A global financial safety net
What’s at stake: South Korean President Lee Myung-bak, whose country is chairing the G20 this year, proposed building a "global financial safety net" to insure against risky capital flows and help mitigate global imbalances in trade and development. Lee used the special address to hundreds of top policy makers, business leaders and civil society representatives at […]
What’s at stake: South Korean President Lee Myung-bak, whose country is chairing the G20 this year, proposed building a "global financial safety net" to insure against risky capital flows and help mitigate global imbalances in trade and development. Lee used the special address to hundreds of top policy makers, business leaders and civil society representatives at the World Economic Forum in Davos to outline Korea’s plan for the G20 summit to be held in Seoul in November. As a key theme of the G20 summit, he proposed the establishment of a global financial safety net to address sudden reversals of international capital flows on emerging and developing economies. A total of ten G-20 meetings will be held this year the first planned for February 27th and 28th in Incheon west of Seoul with vice finance ministers and deputy governors of central banks in attendance. G20 deputies will informally discuss the Korean proposals and other policy options to mitigate risks in the international financial system at a conference on the eve of the meeting.
Reza Moghadam, director of the IMF’s Strategy, Policy, and Review Department, argues that the Fund has been modernizing its lending and conditionality framework to deploy its resources more effectively. While the IMF tripled its lending resources from $250 billion to $750 at the G20 London Summit in April 2009, some academics have called for the Fund’s resources to be expanded even more, arguing that the availability of large resources would forestall the actual need for the IMF to intervene, and also prevent sudden stops in capital flows. For example, Simon Johnson has suggested that at least $1 trillion is needed, while Guillermo Calvo has underscored the important lender-of-last-resort role played by the IMF.
Ricardo Caballero advocated in the past an insurance arrangement for emerging markets where they would pay a premium during normal times in exchange for an insurance transfer during the times of external financial turmoil that typically trigger sudden stops in these economies. To prevent a host of incentive problems, this insurance would not be a function of country-specific variables. According to him, the IMF should play a dual role of monitor (a sort of public rating agency) and as a facilitator of the insurance mechanism. The reason that such mechanism is superior to a standard reserves-accumulation strategy is that this is an insurance problem. The reserves-accumulation strategy amounts to self-insurance, and as such, it generates too much redundancy and too large a waste of scarce resources. This is even more so when a critical factor behind these crises is investors’ panic, for in that case there is really no need to hoard or inject resources at all, as long as there is a credible insurance in place.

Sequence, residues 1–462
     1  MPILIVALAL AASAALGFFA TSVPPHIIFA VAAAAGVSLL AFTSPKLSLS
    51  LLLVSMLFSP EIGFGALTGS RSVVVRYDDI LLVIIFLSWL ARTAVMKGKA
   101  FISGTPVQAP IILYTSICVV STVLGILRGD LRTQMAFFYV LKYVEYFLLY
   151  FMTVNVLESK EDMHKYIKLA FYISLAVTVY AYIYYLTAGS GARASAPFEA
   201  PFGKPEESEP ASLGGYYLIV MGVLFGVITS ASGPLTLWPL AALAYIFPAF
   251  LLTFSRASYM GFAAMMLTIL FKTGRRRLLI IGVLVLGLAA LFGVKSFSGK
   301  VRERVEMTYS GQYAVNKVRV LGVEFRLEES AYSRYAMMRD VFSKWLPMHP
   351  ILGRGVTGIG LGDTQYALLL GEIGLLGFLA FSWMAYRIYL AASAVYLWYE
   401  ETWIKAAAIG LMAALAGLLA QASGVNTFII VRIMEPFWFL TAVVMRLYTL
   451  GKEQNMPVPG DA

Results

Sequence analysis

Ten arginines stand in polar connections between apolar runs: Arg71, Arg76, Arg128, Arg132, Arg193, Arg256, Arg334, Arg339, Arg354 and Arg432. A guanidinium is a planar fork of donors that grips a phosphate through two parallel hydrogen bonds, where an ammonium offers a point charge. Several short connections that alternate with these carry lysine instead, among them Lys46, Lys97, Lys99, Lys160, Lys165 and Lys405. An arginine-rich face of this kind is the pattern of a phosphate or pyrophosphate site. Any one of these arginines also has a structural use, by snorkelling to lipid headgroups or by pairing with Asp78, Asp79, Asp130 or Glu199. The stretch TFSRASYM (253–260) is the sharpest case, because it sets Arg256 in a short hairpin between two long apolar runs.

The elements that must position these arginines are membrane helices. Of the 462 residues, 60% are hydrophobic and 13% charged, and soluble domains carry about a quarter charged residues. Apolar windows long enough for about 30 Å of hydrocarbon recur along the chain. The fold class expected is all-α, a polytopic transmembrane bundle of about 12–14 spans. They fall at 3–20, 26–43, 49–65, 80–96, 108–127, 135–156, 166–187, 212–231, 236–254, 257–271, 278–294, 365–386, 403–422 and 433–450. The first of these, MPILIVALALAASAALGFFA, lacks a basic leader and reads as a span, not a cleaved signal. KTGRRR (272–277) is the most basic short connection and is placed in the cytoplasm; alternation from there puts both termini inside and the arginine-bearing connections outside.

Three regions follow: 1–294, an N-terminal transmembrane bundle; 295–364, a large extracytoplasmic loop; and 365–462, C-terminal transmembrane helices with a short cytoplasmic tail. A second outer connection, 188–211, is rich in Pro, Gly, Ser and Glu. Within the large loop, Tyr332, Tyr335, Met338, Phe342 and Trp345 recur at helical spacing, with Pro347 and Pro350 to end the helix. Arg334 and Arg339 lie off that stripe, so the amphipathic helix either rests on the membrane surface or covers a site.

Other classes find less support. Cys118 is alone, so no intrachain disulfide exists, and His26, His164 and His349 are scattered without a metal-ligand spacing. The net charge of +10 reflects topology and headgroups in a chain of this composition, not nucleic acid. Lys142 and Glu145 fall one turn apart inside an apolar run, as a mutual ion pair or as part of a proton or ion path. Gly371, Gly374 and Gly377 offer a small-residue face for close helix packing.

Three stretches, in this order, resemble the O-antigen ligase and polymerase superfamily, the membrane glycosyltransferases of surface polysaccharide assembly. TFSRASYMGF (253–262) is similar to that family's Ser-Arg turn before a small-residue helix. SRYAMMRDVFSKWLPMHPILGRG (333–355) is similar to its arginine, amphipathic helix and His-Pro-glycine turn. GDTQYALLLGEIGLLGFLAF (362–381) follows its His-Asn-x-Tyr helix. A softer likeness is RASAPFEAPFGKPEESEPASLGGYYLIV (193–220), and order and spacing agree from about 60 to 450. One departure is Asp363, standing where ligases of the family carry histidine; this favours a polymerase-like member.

Eswar Prasad proposes that each country pays an entry fee of between $10 –25bn dependent on economic size and an annual premium for coverage. Premiums would depend on the level of insurance a country desired and on the countries economic policies. Countries would face higher premiums if they run large budget deficits/accumulate large debts and adopt policies that drive up global risks (accumulate reserves for self-protection). The premiums would be invested in a portfolio of US, euro area and Japanese government bonds. These central banks would be obliged to top up the pools credit lines in the event of a global crisis.
Ricardo Caballero also argued a few years ago for the creation of hedging instruments contingent on factors that are (largely) not controlled by the individual country. Chile, for example, could swap its entire public and private external debt for bonds with embedded options on the price of copper (Chile’s influence on this price is not enough to hamper insurance contracts) — that is, for debt that automatically transfers resources back to the country when the price of copper falls below critical levels. These markets need to be developed. There are currently too many free-rider problems for them to emerge without a concerted effort.
John Williamson makes the case for regular SDR issues. Special Drawing Rights holdings are part of IMF members’ reserve assets a SDRs are a means for members to obtain freely usable currencies from other members. Williamson argues that the world would be a better place if a substantial portion of the demand for holding additional international liquidity were to be met by creation of more SDRs instead of exclusively by expanding reserve currency holdings, as in the recent past. By a "substantial portion" he mean perhaps half, which – to judge by the additions to reserves in the period 2002–06 – would imply SDR allocations of over $400 million per year. For Williamson, this offers the surest way of reducing the inconsistency in payments objectives that currently looks to be the biggest obstacle to a strong recovery in the global economy in the post-Lehman world.
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